She goes on to say that sometimes these labels are so ingrained that the truth doesn’t matter, and that the real thing is to find friends that see past the labels.
Do boys get to choose their own labels and identity? Do girls have their identity chosen for them? Do these labels stick forever? Do you have anyone that can see through them? These are all good conversations that we could start having with young people.
And the episode ends with the thought that none of us are as strong as we want to be. Asking questions about this would be a great conversation to have with young people. Have there been times that we wanted to speak up and do things but didn’t?
There is a lot of meaty conversation content in this episode.
This brings up one of the most interesting topics in the series and that is privilege; what it gives those that have it and how those that don’t have it are treated. This theme is highlighted in a much greater way further on in the series, but here we see Justin saying that people will always judge you, whether we want them to or not. He talks about how when you get no favours in life it is tempting to hold your head down, but you have to find a way to hold your head up.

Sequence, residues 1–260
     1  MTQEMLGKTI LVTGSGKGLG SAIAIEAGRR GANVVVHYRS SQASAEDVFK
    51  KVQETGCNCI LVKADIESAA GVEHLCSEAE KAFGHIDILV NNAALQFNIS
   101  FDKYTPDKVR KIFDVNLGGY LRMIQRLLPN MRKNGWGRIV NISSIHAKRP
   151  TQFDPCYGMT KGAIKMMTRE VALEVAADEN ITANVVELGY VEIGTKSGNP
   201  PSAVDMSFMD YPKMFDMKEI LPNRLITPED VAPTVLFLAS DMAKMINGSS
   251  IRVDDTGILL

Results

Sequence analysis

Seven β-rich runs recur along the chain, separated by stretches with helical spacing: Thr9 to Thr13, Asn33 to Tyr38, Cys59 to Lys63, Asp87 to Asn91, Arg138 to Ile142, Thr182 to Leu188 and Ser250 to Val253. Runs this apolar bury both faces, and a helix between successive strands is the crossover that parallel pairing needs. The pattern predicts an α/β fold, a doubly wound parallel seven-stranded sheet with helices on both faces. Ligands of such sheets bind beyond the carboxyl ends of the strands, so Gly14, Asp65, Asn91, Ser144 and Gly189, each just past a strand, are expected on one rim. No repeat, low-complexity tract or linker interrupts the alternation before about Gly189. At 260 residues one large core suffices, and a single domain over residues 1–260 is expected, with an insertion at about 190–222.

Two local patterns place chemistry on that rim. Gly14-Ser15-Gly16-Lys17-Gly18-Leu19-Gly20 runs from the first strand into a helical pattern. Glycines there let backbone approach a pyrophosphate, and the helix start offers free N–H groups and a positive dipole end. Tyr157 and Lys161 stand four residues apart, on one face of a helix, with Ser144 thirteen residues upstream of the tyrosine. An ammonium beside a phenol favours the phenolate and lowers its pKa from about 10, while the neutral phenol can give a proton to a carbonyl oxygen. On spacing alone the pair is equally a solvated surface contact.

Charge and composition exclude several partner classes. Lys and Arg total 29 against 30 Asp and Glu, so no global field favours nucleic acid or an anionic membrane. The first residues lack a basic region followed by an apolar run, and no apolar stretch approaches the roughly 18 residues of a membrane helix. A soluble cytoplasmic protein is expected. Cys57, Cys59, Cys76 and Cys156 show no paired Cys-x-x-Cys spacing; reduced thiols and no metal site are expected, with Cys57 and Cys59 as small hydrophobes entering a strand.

Having a conversation about privilege would be an interesting one to have with young people. What is privilege, what part does in play in our society and how does it affect us?
This episode starts with the statement that nothing worth anything comes without pain.
I mean what a conversation starter! Is that really true, does there have to be pain in getting what you want?
This is an episode that will speak to all the creative types. There is the mention that work is only good if it comes from a need, either from the person itself or others, which I thought was an interesting take on art and if I was an art teacher i would certainly be discussing this.